U.S.: As The Storms Clear, The Expansion Is Chugging Alongby
The economic tea leaves in early 1996 have been obscured by blizzards, strikes, and government shutdowns. Brush away the detritus, however, and the data continue to show that the expansion is heading into its sixth year solidly on track.
The train is a local, though, not an express as the robust February data suggest. The first-quarter numbers from homebuilders, factories, and retailers show the economy moving forward in stop-and-go fashion. Add it all up, and the result is only modest growth.
The problem for the outlook is that the bond market is fixated on February's brawny numbers. The resulting surge in long-term yields, though, seems unjustified by trends in both economic growth and inflation. First-quarter real gross domestic product appears to be growing little better than the fourth quarter's tepid 0.9% pace, and inflation remains tame at under 3%.
But if sustained, the rate rise will limit the economy's ability to shake off its current malaise. Recession is still not a worry, but higher borrowing costs will slice at least a fraction off second-half growth. The big loser will be construction, particularly housing, and that means less demand for all the goodies that furnish a home, from carpeting to couches to cookware.
Higher rates have already put the kibosh on mortgage refinancings--applications have plunged 40% in only three weeks. Refis were expected to provide consumers with extra cash and aid the purchase of big-ticket items, such as cars, vacations, and appliances.
SHOPPERS WERE OUT in full force in February, at least. Retail sales rose 0.8%, after slipping 0.1% in January. So far in the first quarter, BUSINESS WEEK estimates real store volume is growing at an annual rate of 2% (chart). That's below the fourth quarter's 2.8% pace, but it shows consumers aren't retrenching.
In February, car sales jumped 2% and department store receipts rose 2.4%. Even the intensely competitive apparel sector posted a hefty 1.2% sales gain in February. Sales of building materials also rebounded.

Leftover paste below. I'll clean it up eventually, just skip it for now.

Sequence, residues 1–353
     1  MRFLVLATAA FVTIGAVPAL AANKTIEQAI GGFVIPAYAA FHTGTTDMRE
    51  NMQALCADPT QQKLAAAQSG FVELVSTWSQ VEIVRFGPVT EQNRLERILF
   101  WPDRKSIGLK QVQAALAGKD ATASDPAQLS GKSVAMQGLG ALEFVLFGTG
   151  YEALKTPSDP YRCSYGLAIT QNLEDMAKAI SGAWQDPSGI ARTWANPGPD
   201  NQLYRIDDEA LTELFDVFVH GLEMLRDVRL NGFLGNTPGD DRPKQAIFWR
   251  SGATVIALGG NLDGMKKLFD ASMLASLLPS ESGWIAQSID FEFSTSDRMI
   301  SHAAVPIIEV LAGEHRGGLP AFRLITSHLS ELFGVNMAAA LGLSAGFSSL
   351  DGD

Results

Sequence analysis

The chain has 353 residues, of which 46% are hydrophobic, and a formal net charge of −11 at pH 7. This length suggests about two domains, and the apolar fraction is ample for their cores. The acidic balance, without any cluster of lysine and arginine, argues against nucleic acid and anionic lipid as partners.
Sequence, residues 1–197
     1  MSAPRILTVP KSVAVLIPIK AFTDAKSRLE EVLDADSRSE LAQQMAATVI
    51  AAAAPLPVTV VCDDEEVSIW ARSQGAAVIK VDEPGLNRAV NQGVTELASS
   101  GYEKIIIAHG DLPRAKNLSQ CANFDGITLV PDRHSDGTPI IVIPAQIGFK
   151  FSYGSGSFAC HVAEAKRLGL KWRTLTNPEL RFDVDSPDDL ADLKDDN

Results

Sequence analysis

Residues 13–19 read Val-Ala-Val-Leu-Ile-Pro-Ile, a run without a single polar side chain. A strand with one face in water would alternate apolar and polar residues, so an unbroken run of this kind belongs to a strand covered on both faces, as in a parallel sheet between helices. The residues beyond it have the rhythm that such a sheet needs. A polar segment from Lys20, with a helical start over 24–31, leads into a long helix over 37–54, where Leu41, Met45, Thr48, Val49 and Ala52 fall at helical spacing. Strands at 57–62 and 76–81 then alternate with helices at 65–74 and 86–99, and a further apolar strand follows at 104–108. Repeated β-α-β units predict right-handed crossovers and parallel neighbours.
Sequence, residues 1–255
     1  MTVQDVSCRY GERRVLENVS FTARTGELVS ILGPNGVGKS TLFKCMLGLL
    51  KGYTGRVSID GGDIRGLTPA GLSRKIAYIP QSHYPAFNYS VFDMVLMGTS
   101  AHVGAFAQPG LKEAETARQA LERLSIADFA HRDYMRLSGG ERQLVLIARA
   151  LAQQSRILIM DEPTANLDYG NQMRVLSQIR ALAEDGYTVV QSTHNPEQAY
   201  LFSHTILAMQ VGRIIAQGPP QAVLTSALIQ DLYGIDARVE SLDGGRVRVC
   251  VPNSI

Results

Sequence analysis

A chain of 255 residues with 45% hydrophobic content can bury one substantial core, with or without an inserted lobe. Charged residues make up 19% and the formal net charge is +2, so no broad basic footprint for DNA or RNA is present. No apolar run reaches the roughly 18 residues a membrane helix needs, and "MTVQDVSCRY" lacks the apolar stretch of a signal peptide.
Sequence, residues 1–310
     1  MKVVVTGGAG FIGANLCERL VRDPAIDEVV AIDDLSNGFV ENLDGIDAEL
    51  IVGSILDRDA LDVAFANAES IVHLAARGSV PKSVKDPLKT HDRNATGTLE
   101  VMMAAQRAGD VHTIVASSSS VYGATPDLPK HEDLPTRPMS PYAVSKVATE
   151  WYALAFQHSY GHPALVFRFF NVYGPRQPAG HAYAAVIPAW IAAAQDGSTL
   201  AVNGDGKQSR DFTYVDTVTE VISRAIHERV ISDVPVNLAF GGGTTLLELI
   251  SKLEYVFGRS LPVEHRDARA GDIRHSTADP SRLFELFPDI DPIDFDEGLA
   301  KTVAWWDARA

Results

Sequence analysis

That hike reflects housing's staying power, which hung tough even in miserable January. Housing starts rose 3% in February, to an annual rate of 1.49 million. That followed January's 1.5% rise, even though homebuilding was expected to drop because of the blizzard.
The reason it didn't is that the boom areas for housing are the West and South, regions less exposed to winter's wrath. In fact, starts in the West surged 29.2% in the past three months, to 425,000 units in February--the highest level in six years.
March looks upbeat, too. The National Association of Home Builders' housing market index rose 10 points, to a reading of 60 for the month. That's the largest monthly rise in the index's 11-year history. Builders reported increased buyer traffic and sales.
The recent spike in rates, though, raises the bar too high for some buyers. The rate on a 30-year fixed mortgage jumped to 7.83% in mid-March, a percentage point higher than four weeks earlier (chart). That lifts the income needed to qualify for a typical $100,000 mortgage from less than $31,000 to more than $35,000. If demand begins to evaporate later when today's new projects are finally finished, starts will suffer.
MANUFACTURERS APPEARED TO BE almost as busy as homebuilders in February. In fact, the month's industrial production and capacity utilization suggest that the factory sector is in a boom. It isn't. Output in the nation's factories, mines, and utilities soared 1.2% in the month, the largest gain in more than eight years, after January's 0.4% decline (chart, page 24). The industrial operating rate surged from 82.1% to 82.9%.